The latest issue of Linguistic Typology is out now, with two articles featuring research from CoEDL members.
CoEDL Chief Investigators Felicity Meakins (University of Queensland) and Rachel Nordlinger (University of Melbourne) present evidence for a possessive construction in the Ngumpin-Yapa languages of Australia that has interesting implications for crosslinguistic models of agreement. Within the particular possessive construction they report on, found in Bilinarra, Gurindji and other Ngumpin-Yapa languages of northern Australia, they find a mismatch in the morphosyntactic encoding of the possessor. The construction has interesting typological and theoretical implications, which arise from its involving clause-level (verbal) agreement with an NP that is embedded within a clausal argument, rather than being a clausal argument itself.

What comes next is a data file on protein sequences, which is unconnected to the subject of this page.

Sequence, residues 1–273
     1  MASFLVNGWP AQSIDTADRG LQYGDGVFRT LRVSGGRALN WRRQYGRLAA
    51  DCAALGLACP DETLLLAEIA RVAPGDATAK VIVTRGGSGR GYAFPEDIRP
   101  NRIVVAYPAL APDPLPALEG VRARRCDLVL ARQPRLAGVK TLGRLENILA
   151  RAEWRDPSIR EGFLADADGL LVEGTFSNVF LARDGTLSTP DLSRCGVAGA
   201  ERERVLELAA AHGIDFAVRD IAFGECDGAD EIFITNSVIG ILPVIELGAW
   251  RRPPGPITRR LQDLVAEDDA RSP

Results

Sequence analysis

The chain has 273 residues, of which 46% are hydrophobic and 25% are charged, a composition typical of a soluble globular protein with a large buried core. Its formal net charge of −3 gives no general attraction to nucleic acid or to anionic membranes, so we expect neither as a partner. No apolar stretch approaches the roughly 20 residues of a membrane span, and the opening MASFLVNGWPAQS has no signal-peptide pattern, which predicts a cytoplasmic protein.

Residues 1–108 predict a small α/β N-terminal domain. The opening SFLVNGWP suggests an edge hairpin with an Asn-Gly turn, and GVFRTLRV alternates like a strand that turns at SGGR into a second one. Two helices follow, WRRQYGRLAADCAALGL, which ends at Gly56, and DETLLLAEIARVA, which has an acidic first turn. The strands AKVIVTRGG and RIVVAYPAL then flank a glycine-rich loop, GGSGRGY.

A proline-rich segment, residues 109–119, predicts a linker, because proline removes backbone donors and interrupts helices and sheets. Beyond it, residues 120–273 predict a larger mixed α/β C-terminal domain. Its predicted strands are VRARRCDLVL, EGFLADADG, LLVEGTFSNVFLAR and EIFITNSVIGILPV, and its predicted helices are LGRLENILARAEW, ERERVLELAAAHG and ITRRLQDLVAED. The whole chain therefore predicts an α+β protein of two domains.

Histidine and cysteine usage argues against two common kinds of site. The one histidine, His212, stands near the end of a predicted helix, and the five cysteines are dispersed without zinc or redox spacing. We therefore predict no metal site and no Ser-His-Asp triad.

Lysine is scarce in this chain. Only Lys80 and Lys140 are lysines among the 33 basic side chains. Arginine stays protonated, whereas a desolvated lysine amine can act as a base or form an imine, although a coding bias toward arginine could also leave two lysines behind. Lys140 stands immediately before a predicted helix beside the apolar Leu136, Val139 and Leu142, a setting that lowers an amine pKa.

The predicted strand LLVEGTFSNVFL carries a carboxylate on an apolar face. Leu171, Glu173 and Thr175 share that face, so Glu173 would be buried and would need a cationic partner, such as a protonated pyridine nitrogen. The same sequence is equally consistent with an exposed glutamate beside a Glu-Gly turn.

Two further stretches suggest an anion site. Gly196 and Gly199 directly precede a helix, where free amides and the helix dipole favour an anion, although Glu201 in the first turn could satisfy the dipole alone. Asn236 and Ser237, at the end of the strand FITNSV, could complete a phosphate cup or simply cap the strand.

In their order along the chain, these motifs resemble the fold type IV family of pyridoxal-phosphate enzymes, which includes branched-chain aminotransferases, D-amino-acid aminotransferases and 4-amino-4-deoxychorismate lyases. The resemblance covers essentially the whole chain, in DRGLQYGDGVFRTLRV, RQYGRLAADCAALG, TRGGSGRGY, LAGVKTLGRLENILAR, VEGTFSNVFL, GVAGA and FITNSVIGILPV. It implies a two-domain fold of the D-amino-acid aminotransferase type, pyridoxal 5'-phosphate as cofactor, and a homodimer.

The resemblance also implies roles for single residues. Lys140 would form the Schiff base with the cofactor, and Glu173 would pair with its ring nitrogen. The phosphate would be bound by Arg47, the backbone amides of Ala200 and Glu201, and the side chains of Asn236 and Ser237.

In another paper in the same issue, CoEDL Research Fellows Timothy Brickell and Stefan Schnell take the theory of ‘Preferred Argument Structure’, developed by John Du Bois, and test it against corpus data from Tondano, which is an Austronesian language with ‘symmetrical voice’. Although the system of symmetrical voice would, in principle, allow speakers to allocate different types of information to fixed structural positions in a transitive sentence, thereby enhancing discourse processing, speakers do not exploit these structural possibilities in the way predicted under Preferred Argument Structure theory. Instead, only the order of elements in a sentence is relevant for information management. Their findings ultimately add to recent critical assessments of PAS theory.
CoEDL and the ANU are looking forward to hosting the 12th Conference of the Association for Linguistic Typology in December, information for which you can find here.